Religious Education

At St. Silas we follow the Blackburn Diocesan Board of Education Scheme of Work. The children have the opportunity to study all of the major faiths during their time in school. There are opportunities to work with local schools on interfaith activities. The lessons are designed to be interactive and every child’s point of view is valued. The children handle artefacts, create works of art, make models and take part in discussions and role play activities in order to foster an interest and empathy with people of other faiths.

Interfaith Week 2020

Everyday during this special week, we looked at a different world faith. 

As a school, we looked at the festival Diwali. We learnt that Hindus place lights in their homes, as the Goddess Lakshmi only enters well lit homes. We also decorated some footprints as some Hindus like to leave these around their home to show that Lakshmi has visited! Year 5 studied Hinduism in more detail one afternoon, they created their own Diwali lanterns and learnt that light has special significance in Hinduism as it symbolises beating the darkness. Some children in Year 5 also gained the experience of participating in their own Holi festival as they went out onto the yard to throw some special Holi powder to create some artwork (even though most of it ended up on them!) they learnt that Holi celebrates good triumphing over evil.  
During worship time, all children learnt about the birth of Buddhism and how it started. We looked in detail at the life of Siddhartha Gautama (the founder of Buddhism) and his journey to enlightenment. We were taught about the 4 noble truths and the eightfold path that Buddhists follow throughout their lives, we found it really easy to spot the similarities between Buddha’s eightfold path and our own school rules! In our worship time, we wrote our own eightfold path! Year 6 studied Buddhism in more detail and they looked at Tibetan prayer flags. A Tibetan prayer flag is a colorful rectangular cloth, often found strung along trails and peaks high in the Himalayas They are used to bless the surrounding countryside. Year 6 children created their own and filled them with their own mantras, as it is believed that the wind blows the mantras around and spreads the goodwill and positive energy around! 
During this week we also looked at Sikhism. The children learnt all about the daily life of a Sikh and where they worship. We found it really interesting to learn all about the 5 K’s and the things that Sikhs wear to make them feel like they are closer to God. We worked together in our classes to list 5 things that we would like to carry around with us to make us feel closer to God. Year 4 had an afternoon studying Sikhism more closely. They drew a traditional Sikh and looked at the importance of each object they carry! They were also really creative and created their own Kangha (a comb) out of lollipop sticks!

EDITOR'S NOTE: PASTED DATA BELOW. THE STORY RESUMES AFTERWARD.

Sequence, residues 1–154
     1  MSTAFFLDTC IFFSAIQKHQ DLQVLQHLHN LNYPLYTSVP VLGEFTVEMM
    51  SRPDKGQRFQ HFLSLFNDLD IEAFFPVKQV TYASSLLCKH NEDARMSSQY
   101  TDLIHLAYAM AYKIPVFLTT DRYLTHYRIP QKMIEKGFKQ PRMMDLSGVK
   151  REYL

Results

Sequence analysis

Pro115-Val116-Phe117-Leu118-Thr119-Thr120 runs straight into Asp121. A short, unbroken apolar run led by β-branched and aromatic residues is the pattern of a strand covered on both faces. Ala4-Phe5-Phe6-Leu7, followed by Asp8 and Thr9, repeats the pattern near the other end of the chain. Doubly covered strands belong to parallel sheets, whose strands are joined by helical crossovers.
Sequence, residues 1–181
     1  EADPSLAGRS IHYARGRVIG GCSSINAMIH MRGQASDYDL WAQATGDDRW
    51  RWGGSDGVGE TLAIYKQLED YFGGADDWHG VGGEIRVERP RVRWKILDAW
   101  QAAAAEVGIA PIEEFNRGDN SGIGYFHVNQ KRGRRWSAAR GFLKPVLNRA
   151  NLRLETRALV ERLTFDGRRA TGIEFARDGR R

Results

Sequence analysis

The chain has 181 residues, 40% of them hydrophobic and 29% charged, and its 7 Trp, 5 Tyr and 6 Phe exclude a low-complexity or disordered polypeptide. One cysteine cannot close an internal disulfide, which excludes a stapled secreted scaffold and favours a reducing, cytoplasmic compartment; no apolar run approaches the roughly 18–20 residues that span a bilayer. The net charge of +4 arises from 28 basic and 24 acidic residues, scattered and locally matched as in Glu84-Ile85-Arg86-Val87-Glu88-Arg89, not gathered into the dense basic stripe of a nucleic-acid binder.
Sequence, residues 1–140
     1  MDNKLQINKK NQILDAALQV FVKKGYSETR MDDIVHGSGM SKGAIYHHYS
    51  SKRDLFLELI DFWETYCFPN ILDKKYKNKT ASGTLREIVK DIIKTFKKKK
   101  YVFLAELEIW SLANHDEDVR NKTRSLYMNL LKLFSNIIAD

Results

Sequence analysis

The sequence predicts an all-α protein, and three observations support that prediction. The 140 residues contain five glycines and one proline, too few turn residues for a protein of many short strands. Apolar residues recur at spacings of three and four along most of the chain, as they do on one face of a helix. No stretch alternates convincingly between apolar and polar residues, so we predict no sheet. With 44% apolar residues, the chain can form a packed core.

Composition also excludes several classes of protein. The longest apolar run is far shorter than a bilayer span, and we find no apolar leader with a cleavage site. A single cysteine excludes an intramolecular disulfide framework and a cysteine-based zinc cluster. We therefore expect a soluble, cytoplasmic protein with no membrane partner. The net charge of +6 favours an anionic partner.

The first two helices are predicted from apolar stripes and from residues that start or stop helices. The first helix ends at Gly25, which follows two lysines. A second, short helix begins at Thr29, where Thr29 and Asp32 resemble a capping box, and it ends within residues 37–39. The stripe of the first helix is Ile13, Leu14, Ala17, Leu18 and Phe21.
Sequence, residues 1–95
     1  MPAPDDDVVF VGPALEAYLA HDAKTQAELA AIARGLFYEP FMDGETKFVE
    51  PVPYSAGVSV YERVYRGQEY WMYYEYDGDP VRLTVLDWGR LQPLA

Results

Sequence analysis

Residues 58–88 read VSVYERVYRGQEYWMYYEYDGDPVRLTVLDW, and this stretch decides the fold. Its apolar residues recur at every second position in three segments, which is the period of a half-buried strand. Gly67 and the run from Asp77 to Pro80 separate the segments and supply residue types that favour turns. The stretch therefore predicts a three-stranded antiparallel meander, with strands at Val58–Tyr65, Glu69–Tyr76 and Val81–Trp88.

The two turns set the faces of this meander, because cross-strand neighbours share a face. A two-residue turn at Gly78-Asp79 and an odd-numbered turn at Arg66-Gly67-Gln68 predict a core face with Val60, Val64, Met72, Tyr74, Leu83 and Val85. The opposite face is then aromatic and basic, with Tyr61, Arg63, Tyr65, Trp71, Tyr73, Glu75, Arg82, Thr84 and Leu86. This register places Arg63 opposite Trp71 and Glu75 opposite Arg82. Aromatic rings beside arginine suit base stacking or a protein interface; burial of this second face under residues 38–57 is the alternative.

Year 3 had a wonderful afternoon looking at Christianity in more detail. They focused on the trinity and on what this means to Christians. They began by creating their own name tags, they wrote every name that they are known by on their name tags, for example daughter, sister, niece. This taught them that even though there are lots of names, Christians believe that the Holy Spirit, The Son and God are all one being. After this, they also created their own plaits, this reinforced the idea that although there are three strands, they come together to make one! 
As a school we really enjoyed learning all about Judaism. We looked at the history behind the religion and we could spot some big similarities between Judaism and Christianity! We found out that the Torah (which is the holy book Jews read) is the same as the Bible’s Old Testament! We also looked at the rules that Jews and Christians follow- The Ten Commandments and where these came from. As a class, we wrote our own Ten Commandments, this was lots of fun as we could see the similarities between each other’s rules!  Years 1 and 2 completed some creative activities all about Judaism, they looked at the Star of David in detail and looked at why it was so important to Jews. The children made their Star of David out of lollipop sticks and they looked great! 
Reception children had a wonderful time looking into Islam and their beliefs. The class, looked in more detail at the Five Pillars of Islam and how important these are to Muslims. The children learnt that the Five Pillars of Islam are the five obligations that every Muslim must satisfy in order to live a good and responsible life according to Islam. For their creative activity, the children created handprints and wrote down each pillar on their fingers. They learnt lots from this activity and had lots of fun while doing it!